To box the opposition was a
traditional strategy. But then a party had to have an affirmative
stance to replace that of the opposition. In the past, the lack of
such a positive program had led the Republicans to failure, and the
present appeared no different. Another crisis and another failure, he
warns, would almost certainly lead to the rise of another demagogue
ready to take advantage of the opportunity. "Somewhere in the dust, well in the rear of his noisy
James Marlow discusses the learning lessons leading to NATO, starting with World War I and the ensuing creation of the League of Nations, which the U.S. did not join, not having learned the lesson imparted by the war, that matters abroad impacted the world and the U.S. Then came Hitler and World War II. The U.S. had supported the democracies initially, beginning in fall 1940, with lend-lease materiel, but had to be attacked before awakening to the reality of the need for participation directly.
By the end of the war, the U.N. was a priority for U.S. foreign policy. But when the U.N. faltered in the face of continued Soviet aggression in Eastern Europe, the President, in March, 1947, put forth the Truman Doctrine to send military aid to Turkey and Greece. Three months later, Secretary of State Marshall outlined the Marshall Plan, which came to reality in the spring of 1948.
In the meantime, in February, 1948, the Communists in Czechoslovakia staged a coup, prompting the Brussels Pact in March, made between Britain, France and the Benelux countries, providing for their mutual defense.
In June, 1948, NATO was first proposed as a mutual defense alliance between the Brussels Pact nations, the U.S., and Canada, and the Senate that month gave its initial approval. The previous Friday, the agreed text of the treaty was put forth, with Norway now included and Italy, Portugal, Iceland and Denmark likely soon to join. The simple idea was that an attack on any member nation was considered an attack on all of the nations of the alliance, while each nation reserved the right independently to determine the response to such an attack.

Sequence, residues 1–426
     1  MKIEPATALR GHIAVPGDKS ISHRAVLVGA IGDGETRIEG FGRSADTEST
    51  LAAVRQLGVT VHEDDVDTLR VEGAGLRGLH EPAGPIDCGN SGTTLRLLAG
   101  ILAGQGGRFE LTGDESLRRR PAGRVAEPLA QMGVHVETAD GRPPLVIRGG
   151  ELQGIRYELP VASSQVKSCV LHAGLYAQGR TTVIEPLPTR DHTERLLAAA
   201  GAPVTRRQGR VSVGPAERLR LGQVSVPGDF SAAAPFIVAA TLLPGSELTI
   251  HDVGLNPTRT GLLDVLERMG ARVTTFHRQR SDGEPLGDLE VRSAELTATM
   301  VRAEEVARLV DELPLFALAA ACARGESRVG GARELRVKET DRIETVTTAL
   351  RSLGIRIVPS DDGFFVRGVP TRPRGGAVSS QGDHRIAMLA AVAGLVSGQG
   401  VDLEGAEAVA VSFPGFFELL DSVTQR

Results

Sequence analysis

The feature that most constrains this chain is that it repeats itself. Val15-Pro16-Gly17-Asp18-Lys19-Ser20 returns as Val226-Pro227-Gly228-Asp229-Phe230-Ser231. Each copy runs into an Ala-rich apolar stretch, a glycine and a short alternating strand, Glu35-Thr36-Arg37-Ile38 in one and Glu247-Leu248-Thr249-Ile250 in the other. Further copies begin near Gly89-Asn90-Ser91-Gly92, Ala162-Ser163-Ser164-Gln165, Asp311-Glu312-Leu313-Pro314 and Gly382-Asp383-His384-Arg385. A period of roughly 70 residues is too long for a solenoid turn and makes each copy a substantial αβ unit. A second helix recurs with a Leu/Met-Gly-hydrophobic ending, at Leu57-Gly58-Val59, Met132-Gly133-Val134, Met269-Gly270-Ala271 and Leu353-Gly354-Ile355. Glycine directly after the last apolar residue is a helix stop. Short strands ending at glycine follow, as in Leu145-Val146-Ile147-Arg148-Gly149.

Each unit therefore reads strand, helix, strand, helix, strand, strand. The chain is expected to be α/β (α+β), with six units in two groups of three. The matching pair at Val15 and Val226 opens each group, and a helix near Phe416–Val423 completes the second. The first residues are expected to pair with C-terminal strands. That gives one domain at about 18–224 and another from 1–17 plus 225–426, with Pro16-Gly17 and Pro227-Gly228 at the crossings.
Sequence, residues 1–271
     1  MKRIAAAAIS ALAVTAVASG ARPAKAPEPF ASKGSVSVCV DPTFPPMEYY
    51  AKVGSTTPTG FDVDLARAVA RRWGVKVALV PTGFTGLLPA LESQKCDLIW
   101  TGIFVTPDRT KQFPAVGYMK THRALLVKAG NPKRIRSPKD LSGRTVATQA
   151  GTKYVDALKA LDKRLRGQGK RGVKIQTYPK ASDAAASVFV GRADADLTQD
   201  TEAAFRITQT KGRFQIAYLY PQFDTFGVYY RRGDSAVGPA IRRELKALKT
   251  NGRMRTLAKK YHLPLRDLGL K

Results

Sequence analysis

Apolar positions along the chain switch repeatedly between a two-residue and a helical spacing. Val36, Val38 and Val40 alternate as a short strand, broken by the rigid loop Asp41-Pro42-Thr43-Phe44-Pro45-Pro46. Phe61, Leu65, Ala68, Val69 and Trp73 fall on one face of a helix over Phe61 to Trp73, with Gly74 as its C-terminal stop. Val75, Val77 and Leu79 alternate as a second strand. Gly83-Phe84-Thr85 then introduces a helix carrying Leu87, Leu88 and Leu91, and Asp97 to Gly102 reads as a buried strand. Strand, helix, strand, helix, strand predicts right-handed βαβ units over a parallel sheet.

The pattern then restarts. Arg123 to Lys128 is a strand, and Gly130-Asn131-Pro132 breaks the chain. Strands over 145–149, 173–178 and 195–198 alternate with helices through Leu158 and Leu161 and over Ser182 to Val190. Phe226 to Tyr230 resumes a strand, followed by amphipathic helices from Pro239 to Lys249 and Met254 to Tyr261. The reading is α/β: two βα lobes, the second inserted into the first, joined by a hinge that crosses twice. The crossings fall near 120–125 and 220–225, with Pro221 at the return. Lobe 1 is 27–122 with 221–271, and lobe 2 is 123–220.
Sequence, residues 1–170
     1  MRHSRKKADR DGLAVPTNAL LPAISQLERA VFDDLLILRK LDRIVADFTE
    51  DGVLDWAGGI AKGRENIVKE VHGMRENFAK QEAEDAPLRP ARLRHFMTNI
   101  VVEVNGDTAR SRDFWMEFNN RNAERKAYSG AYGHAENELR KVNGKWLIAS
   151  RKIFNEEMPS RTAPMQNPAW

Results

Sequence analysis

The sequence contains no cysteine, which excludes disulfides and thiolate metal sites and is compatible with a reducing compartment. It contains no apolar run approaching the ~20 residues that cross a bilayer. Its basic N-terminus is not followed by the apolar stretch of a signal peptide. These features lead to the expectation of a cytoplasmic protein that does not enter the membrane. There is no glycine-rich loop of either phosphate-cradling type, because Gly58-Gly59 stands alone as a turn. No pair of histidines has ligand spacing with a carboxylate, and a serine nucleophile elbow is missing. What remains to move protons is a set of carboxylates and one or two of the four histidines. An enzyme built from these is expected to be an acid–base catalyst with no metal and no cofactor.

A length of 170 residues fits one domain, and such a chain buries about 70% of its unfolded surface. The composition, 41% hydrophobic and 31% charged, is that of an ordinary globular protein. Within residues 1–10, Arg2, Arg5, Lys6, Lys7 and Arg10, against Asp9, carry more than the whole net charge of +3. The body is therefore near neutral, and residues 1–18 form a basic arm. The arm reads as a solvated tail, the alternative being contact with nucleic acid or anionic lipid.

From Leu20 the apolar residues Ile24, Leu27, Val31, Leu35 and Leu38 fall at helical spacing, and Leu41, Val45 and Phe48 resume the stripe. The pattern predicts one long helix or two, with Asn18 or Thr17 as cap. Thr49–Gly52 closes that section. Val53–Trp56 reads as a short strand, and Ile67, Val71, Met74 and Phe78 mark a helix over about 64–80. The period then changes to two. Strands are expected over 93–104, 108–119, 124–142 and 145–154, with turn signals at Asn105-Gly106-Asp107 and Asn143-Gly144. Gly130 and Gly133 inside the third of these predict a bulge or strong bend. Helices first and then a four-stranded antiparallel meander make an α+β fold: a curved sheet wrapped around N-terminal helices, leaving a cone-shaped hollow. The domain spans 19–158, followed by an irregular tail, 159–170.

NATO still had to be ratified by the members, including by the U.S. Senate.
Such, he concludes, was the point to which the country had reached in the school of hard knocks.
A letter writer finds the United World Federalists supported by many of the leaders of the country, speaking well for the aims of the organization.
A letter writer finds that the General Assembly's abrogation of the State mechanical inspection law for motor vehicles to have been ill advised.
A letter from the American Bandmasters' Association thanks the newspaper for providing it publicity during its visit in Charlotte recently and thanks the city for its hospitality.
A letter writer forwards a letter sent to State Senator Jack Blythe and four State representatives, encouraging passage of a fair trade act, to prevent "loss leaders" from being sold by non-resident merchants, driving small businesses out of existence.